How do you celebrate the 30th anniversary of Halloween Horror Nights? Easy – you name-drop one of the most influential films in cinematic horror history.
The Texas Chain Saw Massacre was released in 1974 and not only represented one of the very first times that an uber-independent production could make it big in Hollywood (and around the world), but it also went on to largely influence the horror scene for several decades to come: it’s largely credited with creating the slasher sub-genre, with coining the strong, silent killer that torments hapless youths, and with lacing socio-political commentary along with its scares (alongside the 1968 film Night of the Living Dead, that is, which was also the product of an indie filmmaker working well outside of California). Indeed, in ways both large and small, direct and indirect, Texas Chain Saw Massacre has helped inform many other recent Horror Nights entries, including Halloween and House of 1,000 Corpses.
The cultural thunderclap that was Massacre would, in typical Hollywood fashion, eventually spawn an entire franchise, generating three sequels over the course of the next 23 years – and once this initial series petered out, it invited two further subseries from other studios, which attempted to recapture the original’s shock and societal impact. Actually, the property’s history over the past two decades reads suspiciously close to that of Halloween’s topsy, turvy franchise, with narrative sidebars and continuity overhauls around nearly every corner: a remake was ordered in 2003, which, in turn, got its own prequel (The Texas Chainsaw Massacre: The Beginning) in 2006. And when that cinematic take died on the commercial vine, a new series of follow-ups came along that went right back to the first entry and ignored all the subsequent installments – 2013’s Texas Chainsaw 3D, a sequel, and 2017’s Leatherface, a prequel.
(Today, Texas Chainsaw’s future looks much like it has ever since 1990: a new studio has come in with big plans to unleash a new film series. [In this case, it’s Legendary Pictures, which has already started work on a new continuation from the original, along with a possible tie-in television show, as well.])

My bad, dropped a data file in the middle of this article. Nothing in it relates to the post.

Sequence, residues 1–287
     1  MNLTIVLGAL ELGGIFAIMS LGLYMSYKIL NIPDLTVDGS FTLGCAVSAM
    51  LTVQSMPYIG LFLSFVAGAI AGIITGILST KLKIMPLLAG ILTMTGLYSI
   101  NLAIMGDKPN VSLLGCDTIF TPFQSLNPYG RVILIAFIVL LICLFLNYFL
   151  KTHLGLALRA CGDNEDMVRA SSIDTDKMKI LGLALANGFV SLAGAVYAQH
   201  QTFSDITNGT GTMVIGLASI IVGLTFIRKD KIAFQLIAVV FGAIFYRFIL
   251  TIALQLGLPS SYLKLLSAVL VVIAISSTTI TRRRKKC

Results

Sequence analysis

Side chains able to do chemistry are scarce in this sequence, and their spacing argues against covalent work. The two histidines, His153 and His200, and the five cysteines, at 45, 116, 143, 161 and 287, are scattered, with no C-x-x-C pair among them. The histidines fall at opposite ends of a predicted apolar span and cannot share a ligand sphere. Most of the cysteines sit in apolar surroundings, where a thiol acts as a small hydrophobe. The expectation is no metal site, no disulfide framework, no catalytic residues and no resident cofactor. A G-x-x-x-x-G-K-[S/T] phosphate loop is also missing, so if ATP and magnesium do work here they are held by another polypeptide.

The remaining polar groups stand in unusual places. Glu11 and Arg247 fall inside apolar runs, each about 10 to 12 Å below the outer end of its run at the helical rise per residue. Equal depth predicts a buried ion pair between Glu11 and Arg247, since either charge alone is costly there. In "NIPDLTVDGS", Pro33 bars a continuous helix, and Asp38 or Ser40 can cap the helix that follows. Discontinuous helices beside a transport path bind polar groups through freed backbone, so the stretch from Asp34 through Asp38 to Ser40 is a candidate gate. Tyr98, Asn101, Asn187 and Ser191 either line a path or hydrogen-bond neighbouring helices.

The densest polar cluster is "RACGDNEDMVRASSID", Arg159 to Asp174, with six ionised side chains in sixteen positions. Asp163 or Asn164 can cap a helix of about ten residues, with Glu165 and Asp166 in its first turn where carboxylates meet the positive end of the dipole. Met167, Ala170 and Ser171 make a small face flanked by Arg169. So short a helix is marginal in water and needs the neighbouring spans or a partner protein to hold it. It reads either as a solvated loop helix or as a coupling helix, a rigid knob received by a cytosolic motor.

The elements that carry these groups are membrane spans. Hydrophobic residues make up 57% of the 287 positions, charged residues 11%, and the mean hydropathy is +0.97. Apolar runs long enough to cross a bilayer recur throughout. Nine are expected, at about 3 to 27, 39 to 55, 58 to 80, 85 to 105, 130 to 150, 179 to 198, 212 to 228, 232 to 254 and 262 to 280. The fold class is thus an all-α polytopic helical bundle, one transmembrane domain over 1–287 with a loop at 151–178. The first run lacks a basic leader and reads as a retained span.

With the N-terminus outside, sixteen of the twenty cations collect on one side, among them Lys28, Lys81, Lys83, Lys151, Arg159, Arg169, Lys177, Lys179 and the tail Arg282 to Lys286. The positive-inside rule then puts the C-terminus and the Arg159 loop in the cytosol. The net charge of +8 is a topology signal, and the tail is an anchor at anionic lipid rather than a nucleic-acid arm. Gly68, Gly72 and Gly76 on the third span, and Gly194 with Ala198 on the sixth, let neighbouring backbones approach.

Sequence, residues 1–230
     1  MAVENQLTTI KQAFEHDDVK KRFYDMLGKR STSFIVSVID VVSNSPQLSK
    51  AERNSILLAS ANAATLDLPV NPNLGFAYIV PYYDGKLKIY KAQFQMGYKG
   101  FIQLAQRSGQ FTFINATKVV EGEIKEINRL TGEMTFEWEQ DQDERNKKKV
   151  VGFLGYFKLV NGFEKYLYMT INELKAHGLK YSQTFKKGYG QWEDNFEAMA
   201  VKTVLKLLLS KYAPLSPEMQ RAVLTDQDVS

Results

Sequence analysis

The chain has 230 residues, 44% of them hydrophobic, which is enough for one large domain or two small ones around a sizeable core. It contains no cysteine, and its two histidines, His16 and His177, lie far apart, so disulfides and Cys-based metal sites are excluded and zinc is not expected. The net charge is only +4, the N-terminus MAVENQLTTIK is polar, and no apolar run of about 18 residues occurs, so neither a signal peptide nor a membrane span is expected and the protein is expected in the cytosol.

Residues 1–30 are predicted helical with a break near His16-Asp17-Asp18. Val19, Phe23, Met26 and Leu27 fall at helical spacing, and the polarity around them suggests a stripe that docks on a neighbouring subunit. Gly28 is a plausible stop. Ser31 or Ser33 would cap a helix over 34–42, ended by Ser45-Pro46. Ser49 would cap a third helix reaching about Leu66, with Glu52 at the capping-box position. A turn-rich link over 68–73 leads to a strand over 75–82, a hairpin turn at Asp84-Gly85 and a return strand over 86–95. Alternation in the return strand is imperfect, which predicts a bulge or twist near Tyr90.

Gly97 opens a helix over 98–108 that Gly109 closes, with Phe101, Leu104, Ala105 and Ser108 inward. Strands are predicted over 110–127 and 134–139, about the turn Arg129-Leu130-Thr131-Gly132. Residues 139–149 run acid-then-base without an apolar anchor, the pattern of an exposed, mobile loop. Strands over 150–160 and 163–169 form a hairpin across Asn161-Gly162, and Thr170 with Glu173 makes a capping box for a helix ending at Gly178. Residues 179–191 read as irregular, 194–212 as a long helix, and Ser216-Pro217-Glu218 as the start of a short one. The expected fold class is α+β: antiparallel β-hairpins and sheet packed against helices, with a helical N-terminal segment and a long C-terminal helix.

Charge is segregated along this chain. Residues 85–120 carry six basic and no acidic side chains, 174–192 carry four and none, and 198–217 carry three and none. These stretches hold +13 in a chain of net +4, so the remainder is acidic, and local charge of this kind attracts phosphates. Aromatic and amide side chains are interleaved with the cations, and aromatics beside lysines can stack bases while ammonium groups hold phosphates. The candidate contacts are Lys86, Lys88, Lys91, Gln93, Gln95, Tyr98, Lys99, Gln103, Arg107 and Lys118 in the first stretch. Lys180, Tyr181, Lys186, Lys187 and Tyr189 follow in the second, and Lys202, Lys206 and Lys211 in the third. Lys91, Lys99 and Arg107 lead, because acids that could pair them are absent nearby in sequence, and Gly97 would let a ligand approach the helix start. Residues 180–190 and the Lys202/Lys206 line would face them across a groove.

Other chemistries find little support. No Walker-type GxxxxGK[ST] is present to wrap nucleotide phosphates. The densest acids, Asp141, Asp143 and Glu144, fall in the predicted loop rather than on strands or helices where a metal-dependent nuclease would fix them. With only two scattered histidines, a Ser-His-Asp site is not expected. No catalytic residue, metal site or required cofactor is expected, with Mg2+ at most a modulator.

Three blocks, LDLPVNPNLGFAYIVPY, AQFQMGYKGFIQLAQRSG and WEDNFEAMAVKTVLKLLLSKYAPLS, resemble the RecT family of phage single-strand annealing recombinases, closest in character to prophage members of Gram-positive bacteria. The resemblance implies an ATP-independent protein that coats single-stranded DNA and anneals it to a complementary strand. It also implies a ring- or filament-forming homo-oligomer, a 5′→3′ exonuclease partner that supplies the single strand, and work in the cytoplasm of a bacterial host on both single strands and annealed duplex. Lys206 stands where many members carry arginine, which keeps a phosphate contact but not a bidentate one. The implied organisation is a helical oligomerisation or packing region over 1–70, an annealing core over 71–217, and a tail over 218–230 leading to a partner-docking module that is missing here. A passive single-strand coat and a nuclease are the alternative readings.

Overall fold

Texas Chainsaw Massacre’s history at Halloween Horror Nights is only somewhat as convoluted as what we see on the big screen. In 2003, in a strictly unlicensed move, Universal united the four biggest “slashers” in filmdom – Michael Myers, Freddy Kreuger, Jason Voorhees, and, of course, Leatherface – for a haunted house called All-Nite Die-In (something which HHN, being the small event that it was, could get away with at the time). It wouldn’t be until four years later that the company would ink a deal with New Line Cinema to officially bring the classic figure to Universal Studios Florida, resulting in The Texas Chainsaw Massacre: Flesh Wounds, which was based off of the ’03 remake. A take on the original movie would follow in 2016 – “Experience every scene, every kill, every bone-chilling rev of the chainsaw from the original masterpiece,” Universal promised at the time. (For its incarnation at Universal Studios Hollywood’s Horror Nights that year, the company delivered The Texas Chainsaw Massacre: Blood Brothers – being something of a sequel to the first film, it was set five years later and featured some of the characters that were introduced in 1986’s Texas Chainsaw Massacre 2.)
The Texas Chainsaw Massacre will join Beetlejuice and Haunting of Hill House at Universal Orlando’s Halloween Horror Nights, which runs for a record-breaking 42 select nights, from Friday, September 3 to Saturday, October 31.
Find out everything you ever wanted to know about HHN – plus more! – in our insider’s guide. And then discuss it all with 150,000+ other Universal die-hard fans in our Orlando Informer Community on Facebook.